Injection induced seismicity and coseismic fluid overpressure: Two sides of the same coinGraduate student: Kimberly McCormack Grant type: NSF Graduate Research Fellowship Description: The relation between porous flow, deformation, and seismicity is central to the understanding of natural hazards, and tectonic processes, as well as energy and groundwater resources. The geomechanical coupling is twoway street: One the one hand gradients in fluid pressure can exert forces on the rocks and faults and induce seismic events. On the other hand rock deformation can induce fluid overpressure that can drive largescale flows. Understanding the relation between subsurface fluid flow and induced seismicity is difficult because the interaction of these feedbacks can produce unintuitive results. Advances in satellite geodesy and continuous GPS networks, however, are providing unprecedented information about deformation of the Earth’s surface. Together with advances in seismology these data have the potential to revolutionize our understanding of the coupling between subsurface flow and seismicity. To capitalize on these developments and advance our understanding between subsurface flow and seismicity I propose to integrate geodetic data into geomechanical models using joint and fully coupled inversions. To study the two types of geomechanical coupling I will look at tow phenomena: I) The potential for fluid injection to induce seismic events. II) The potential for large earthquakes to induce flow and fluid. Publications: McCormack et al. (2018, 201X) 
Past funding and projects
Hydrogeochemical dynamics of natural carbon dioxide fields [NSF link]CoPI: David DiCarlo (Department of Petroleum and Geosystems Engineering, University of Texas at Austin) Publications: Sathaye et al. (2016), Ahkbari and Hesse (2016), Liang et al. (2018) 

Trap integrity in salt basins; sub‐salt imaging and seal vs. pore pressure challengesGraduate student: Soheil Ghanbarzadeh 

CSEDI: Constraining the mechanisms of melt transport, storage, and crustal contamination from temporal geochemical variations in monogenetic vents [NSF link]PI: John Lassiter (Department of Geological Sciences, University of Texas at Austin) Publication (with Hesse): Jordan et al. (2018) 

Simulation of Subsurface Geochemical Transport and Carbon SequestrationPI: Mary Wheeler (Department of Mathematics, University of Texas at Austin) Description: This project focuses on the simulation of subsurface transport of geochemical species, especially as applied to carbon sequestration, but also more generally to petroleum reservoirs and water resources, as well as on scientific and engineering computing. We have the following five main objectives:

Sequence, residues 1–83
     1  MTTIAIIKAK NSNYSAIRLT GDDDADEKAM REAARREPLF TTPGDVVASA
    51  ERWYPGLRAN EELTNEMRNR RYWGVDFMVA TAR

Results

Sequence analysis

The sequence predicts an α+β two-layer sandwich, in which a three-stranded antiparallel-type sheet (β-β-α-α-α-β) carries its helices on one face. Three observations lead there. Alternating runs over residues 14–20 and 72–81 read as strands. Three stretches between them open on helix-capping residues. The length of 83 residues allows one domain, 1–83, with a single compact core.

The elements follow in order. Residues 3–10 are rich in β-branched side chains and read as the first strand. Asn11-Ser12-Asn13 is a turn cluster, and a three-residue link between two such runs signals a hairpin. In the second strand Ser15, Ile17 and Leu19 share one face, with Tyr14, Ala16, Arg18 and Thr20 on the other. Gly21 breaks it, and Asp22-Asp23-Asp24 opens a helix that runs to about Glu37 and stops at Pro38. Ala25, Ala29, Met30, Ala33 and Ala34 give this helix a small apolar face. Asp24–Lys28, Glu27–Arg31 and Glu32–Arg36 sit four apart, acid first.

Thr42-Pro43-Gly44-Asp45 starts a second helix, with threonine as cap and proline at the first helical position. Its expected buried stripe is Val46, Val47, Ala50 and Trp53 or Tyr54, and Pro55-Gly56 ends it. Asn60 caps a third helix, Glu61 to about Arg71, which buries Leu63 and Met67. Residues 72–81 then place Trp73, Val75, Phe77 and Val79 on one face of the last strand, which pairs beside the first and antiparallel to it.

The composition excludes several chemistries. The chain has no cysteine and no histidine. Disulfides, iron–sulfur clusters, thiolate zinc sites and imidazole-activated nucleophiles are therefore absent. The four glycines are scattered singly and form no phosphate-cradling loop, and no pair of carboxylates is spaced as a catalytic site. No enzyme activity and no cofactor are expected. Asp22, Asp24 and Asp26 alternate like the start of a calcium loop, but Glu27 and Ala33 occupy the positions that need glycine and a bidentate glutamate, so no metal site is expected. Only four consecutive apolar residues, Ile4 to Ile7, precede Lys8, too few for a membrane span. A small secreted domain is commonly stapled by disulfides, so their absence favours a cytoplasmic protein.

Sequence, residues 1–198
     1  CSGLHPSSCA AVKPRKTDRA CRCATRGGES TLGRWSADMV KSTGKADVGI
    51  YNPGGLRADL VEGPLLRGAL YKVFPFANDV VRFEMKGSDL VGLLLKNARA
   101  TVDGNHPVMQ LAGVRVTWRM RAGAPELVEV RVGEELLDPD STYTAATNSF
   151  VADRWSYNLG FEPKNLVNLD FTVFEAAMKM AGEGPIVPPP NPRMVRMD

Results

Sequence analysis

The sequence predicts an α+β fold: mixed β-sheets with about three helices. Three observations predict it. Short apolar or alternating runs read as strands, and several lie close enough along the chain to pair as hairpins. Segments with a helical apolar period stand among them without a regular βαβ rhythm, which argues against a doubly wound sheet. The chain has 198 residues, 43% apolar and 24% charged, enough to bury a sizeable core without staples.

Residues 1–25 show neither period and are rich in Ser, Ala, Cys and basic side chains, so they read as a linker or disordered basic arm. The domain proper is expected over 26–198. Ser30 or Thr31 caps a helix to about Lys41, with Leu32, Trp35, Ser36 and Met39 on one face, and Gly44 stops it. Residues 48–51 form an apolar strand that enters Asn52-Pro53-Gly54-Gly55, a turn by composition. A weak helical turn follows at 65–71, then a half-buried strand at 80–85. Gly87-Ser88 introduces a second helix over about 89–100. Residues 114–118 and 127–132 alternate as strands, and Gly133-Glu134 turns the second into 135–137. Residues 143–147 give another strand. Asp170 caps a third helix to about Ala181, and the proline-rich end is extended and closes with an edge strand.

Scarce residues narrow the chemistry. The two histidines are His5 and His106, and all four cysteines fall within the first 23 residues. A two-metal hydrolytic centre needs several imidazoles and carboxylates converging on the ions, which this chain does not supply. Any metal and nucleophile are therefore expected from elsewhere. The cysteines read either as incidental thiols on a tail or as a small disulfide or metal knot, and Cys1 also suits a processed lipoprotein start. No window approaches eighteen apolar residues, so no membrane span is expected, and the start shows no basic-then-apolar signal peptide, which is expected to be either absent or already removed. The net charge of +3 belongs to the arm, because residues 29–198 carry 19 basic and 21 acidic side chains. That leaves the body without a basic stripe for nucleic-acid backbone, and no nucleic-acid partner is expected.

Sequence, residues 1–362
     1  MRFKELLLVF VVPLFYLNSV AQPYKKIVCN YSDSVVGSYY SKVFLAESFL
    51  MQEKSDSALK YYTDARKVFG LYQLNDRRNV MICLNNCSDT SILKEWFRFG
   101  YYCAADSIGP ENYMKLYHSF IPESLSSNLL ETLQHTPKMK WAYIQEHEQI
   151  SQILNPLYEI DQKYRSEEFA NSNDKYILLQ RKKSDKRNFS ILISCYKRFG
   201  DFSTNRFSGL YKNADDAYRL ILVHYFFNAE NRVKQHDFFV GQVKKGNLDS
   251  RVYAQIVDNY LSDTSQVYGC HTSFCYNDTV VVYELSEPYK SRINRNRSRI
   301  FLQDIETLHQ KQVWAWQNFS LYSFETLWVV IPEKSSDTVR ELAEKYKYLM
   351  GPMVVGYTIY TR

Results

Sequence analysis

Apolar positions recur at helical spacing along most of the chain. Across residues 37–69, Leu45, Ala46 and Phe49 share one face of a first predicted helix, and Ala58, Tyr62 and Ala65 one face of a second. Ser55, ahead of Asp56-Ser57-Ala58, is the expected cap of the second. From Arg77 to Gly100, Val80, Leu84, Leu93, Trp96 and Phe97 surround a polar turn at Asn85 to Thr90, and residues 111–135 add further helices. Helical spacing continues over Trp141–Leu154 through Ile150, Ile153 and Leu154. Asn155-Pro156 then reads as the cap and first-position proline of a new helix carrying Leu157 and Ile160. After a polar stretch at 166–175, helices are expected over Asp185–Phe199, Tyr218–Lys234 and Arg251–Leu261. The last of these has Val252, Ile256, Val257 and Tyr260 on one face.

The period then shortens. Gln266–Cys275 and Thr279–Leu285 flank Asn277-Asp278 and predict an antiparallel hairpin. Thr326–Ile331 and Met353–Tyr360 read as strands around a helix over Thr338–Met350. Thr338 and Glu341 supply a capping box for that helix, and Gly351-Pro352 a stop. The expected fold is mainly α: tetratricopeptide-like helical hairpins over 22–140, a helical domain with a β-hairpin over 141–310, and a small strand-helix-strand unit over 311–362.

In addressing the above objectives, we will use the Integrated Parallel Accurate Reservoir Simulator (IPARS), a computational framework developed at UTAustin. It allows us to couple different physical and multiscale models, and it runs efficiently on massively parallel computers. It is ideal for developing and prototyping the new models and algorithms proposed in this project. 

CMG: Robust Numerical Methods for MultiPhase DarcyStokes Flow in Heterogeneous and Anisotropic Partially Molten Materials [NSF link]CoPI: Todd Arbogast (Department of Mathematics, University of Texas at Austin) Publications: Jordan and Hesse (2015), Arbogast and Taicher (2017), Taicher, Arbogast and Hesse (2017), Ghanbarzadeh et al. (2017) 

The interpretation of geochemical patterns through the hyperbolic theory for reactive transport in porous media [ACSlink]Grant number: ACSPRF #51230 DNI8 Publications: 

Characterizing the timedependent flux of CO_{2}saturated brine up a leaky wellGraduate student: Nicolas Huerta Description: The goal of this project is to characterize the fundamental phenomena controlling time dependent leakage of CO_{2} up a leaky well. This work is in collaboration with efforts at NETL and other national laboratories to provide parameters for a higher order risk assessment model to quantify the risk of adverse effects due to geologic carbon storage. This work comprises experiments and numerical modeling to estimate change in leakage rate over time. Specifically, this work looks at the coupling between transport of CO_{2}satuared brine along a cement fracture with the chemical processes of dissolution of some cement phases and precipitation of secondary phases. How the system evolves in time is of critical importance as the coupling determines how the leak will evolve in time, either by selfsealing or selfenhancing. Publications: Huerta et al. (2012), Huerta et al. (2015)